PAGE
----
Now on Netflix, The World’s Most Extraordinary Homes takes house-envy to its logical conclusion with dramatic drone shots of the world’s most unique, architect-designed homes. Lachlan Anderson-Frank reviews.
Where did it all begin, our burning envy, nay, worship of others’ dwellings? Was it MTV Cribs, Grand Designs, or perennial offender Dwell magazine? Actually, all three began around the year 2000. Today, aspirational images of idealised, architect-designed homes dominate online zines. Now we haev The World’s Most Extraordinary Homes.
The BBC’s recent series, now available on Netflix, presented by architect Piers Taylor and actress Caroline Quentin – a ‘passionate property developer’ – goes even further. The two jaunt around the world to dramatic locations such as mountains, coasts and forests, to spend a night in, and discuss with their owners, some of the world’s most overtly expensive and conspicuously individualistic homes.
Many of the houses seem to defy nature-conservation rules, built in untouched national parks where not a single other home appears. The primped, plumped and perma-tanned owners boast about how parts of their homes had to be brought in by helicopters to avoid damaging the sensitive landscape, all the while ignoring the obvious fact that they’ve managed to plonk their palace right in the middle of what had previously been pristine.
By architects for architects
As the series progresses, it becomes increasingly clear that many of the homes have been designed by architects for their own use. A home for Richard Levene, the editor of architectural maazine El Croquis, set in a forest near Madrid, is filled with bright colours that few regular clients would accept.
A tower house in New York State’s Catskill Mountains, built by Gluck+ Architects for a partner in the firm Thomas Gluck, cantilevers too daringly for most homeowners’ tastes.
And the Catskill holiday home of architect Jay Bargmann, managing partner at Rafael Viñoly Architects, is such a cliché of industrial asceticism and painstaking detailing that it’s a surprise he’s not wearing black-rimmed glasses.
When did housing become such a vehicle of a desire for self-gratification and aggrandisement? A house made out of a jetliner’s wings proclaims its owner’s desire to fly; another one had to be dynamited into place just to grip the terrain.
‘Views and sunlight’
Perhaps even more difficult to comprehend is how this highly romantic vision of architecture, often focused on ‘views and sunlight’, got so mainstream? Shouldn’t housing be functional as much as beautiful? Isn’t it supposed to be accessible and affordable, rather than unique and elite?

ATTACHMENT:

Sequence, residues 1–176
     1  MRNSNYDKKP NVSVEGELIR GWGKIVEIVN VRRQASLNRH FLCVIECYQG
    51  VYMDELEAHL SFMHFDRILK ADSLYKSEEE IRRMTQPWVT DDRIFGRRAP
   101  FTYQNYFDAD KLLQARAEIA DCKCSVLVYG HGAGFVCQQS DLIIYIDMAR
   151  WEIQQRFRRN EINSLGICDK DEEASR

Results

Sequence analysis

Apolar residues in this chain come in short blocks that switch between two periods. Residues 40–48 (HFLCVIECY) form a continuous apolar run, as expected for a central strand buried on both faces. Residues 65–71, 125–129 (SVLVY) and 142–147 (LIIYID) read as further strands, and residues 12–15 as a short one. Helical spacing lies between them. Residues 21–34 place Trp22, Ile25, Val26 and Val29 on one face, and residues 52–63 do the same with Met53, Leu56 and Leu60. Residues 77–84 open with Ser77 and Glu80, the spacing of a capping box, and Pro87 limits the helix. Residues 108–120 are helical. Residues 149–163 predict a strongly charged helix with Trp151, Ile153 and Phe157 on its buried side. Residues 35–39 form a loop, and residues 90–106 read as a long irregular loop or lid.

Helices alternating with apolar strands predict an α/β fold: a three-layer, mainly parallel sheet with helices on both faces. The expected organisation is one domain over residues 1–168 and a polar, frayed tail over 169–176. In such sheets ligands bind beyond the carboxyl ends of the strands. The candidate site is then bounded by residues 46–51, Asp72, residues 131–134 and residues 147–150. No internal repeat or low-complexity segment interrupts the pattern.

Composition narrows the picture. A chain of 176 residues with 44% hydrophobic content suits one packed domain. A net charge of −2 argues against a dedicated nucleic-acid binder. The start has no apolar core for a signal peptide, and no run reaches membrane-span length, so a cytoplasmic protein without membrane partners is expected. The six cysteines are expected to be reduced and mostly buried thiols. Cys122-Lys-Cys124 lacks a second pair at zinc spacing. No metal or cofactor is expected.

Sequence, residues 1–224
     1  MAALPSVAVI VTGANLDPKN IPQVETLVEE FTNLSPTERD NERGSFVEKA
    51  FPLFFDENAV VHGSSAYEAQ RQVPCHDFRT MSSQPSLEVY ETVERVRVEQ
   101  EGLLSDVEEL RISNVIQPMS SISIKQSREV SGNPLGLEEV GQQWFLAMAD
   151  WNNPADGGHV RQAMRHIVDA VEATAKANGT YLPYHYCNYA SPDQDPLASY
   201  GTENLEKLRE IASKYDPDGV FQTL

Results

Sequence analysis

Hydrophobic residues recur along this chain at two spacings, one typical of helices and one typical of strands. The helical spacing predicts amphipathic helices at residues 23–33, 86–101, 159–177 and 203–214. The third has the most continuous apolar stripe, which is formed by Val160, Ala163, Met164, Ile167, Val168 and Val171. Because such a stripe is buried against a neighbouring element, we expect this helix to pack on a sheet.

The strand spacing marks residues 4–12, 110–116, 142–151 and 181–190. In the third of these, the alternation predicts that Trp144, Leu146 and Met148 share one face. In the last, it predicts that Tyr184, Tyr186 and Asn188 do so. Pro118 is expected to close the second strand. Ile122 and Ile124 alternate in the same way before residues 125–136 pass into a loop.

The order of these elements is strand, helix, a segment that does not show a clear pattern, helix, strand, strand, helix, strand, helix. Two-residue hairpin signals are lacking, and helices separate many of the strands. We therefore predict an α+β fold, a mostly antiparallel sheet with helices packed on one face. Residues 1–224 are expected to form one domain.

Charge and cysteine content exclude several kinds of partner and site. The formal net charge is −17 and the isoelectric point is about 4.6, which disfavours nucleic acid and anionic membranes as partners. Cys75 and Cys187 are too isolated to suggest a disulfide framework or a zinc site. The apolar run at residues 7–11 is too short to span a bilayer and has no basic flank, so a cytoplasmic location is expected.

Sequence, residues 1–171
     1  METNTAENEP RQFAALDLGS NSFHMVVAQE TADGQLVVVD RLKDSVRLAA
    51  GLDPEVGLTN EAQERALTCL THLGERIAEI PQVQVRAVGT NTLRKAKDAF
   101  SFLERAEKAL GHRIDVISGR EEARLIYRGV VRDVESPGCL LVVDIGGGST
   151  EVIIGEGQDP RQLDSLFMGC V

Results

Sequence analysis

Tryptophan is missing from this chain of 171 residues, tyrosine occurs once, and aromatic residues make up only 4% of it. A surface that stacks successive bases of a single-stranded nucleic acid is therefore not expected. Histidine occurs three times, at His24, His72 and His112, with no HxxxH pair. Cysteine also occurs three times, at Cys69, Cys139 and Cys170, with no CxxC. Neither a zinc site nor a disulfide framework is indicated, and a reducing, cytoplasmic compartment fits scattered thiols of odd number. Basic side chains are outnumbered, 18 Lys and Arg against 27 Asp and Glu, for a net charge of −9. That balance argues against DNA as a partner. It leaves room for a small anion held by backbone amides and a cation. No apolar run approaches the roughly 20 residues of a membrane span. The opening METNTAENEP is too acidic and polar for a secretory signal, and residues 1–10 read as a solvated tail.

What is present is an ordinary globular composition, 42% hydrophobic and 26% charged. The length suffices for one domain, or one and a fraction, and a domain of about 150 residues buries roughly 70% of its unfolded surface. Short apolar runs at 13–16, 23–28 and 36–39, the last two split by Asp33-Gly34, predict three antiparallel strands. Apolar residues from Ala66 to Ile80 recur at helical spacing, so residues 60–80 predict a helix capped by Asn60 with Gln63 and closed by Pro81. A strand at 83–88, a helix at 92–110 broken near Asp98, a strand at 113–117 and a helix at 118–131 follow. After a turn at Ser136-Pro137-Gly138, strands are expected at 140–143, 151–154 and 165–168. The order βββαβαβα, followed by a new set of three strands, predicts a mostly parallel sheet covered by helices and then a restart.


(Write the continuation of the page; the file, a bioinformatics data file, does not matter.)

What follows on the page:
Clearly, TV execs nowadays think that mass housing simply doesn’t make for very good television. It would be difficult, in spite of its revolutionary legacy, to dramatise the creation of Margarete Schütte-Lihotzky’s 1926 Frankfurt Kitchen, much less the mayor of London’s Housing Design Guidelines.
The interest in holiday-home architecture, and in the trials of individual homeowners realising their housing dreams, is the product of Britain’s obsession with home ownership. The dreams of the few, realised at the expense of the many.
A previous generation of BBC programmes, such as Architecture at the Crossroads (1986) and Building Sights (1988–96), were much more ambitious. The former critically engaged with movements such as postmodernism and conservation, as well as contemporary housing and architecture in locations as diverse as Berlin, Texas and Japan.
Architecture for the Instagram generation
Building Sights returned to Britain, with architects such as Richard Rogers, Zaha Hadid and Norman Foster discussing their favourite contemporary buildings, including such gems as the Byker Wall estate in Newcastle by Ralph Erskine.
All of these programmes recognised that there were many ways of doing architecture, but that ultimately, recognition came from attempting to improve people’s living and working conditions, rather than spending as much money as possible on a rammed-earth wall in the middle of the desert. I’ll take the Roehampton estate – a Rogers favourite – any day over this vision of contemporary architecture carefully curated for the Instagram generation.